Tumor Heterogeneity and Drug Resistance in Cholangiocarcinoma

Cholangiocarcinoma is a rare and aggressive tumor of the bile ducts with a median survival of less than one year. It affects approximately 8,000-10,000 new people each year. The discovery of mutations in the metabolic gene IDH1 in 20% of patients and FGFR2 fusions in 15% of patients with intrahepatic cholangiocarcinoma has the potential to be a gamechanger for these patients. While IDH1 inhibitors and FGFR inhibitors have shown some benefit, they have not been the home run we have hoped for. Several patients do not respond to the drugs despite having the target, and several other patients progress after only 3 to 6 months on therapy. A major reason for this drug failure is tumor heterogeneity, or the presence of mixed populations of sensitive and resistant clones.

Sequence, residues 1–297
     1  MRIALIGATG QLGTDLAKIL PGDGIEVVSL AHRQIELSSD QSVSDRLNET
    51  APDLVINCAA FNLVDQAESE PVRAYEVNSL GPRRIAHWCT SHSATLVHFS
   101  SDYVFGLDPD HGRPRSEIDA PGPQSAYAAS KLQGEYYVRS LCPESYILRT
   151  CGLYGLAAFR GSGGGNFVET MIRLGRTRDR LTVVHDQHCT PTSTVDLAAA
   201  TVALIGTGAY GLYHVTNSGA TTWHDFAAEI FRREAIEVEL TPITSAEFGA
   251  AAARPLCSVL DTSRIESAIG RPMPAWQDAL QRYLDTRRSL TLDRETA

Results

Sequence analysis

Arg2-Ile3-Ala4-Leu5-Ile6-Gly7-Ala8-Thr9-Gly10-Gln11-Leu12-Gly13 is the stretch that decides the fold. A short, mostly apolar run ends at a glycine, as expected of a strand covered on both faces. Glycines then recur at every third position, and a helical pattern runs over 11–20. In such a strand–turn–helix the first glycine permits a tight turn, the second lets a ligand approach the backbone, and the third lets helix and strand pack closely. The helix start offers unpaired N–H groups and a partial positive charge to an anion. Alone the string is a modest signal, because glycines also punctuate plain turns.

Dr. Lipika Goyal MD, MPhil is a recognized expert in IDH1 and FGFR2 mutant cholangiocarcinoma, having helped develop drugs that are slated to gain FDA approval for these cancers in 2021. She would now like to study how we can make these drugs work for more patients and also prolong responses in those for whom they’re already working. Dr. Goyal has developed a large tissue repository, the Cholangiocarcinoma Biobank, and a world class collection of patient-derived laboratory models with her collaborators, and these will serve as a ready resource to catapult these studies forward.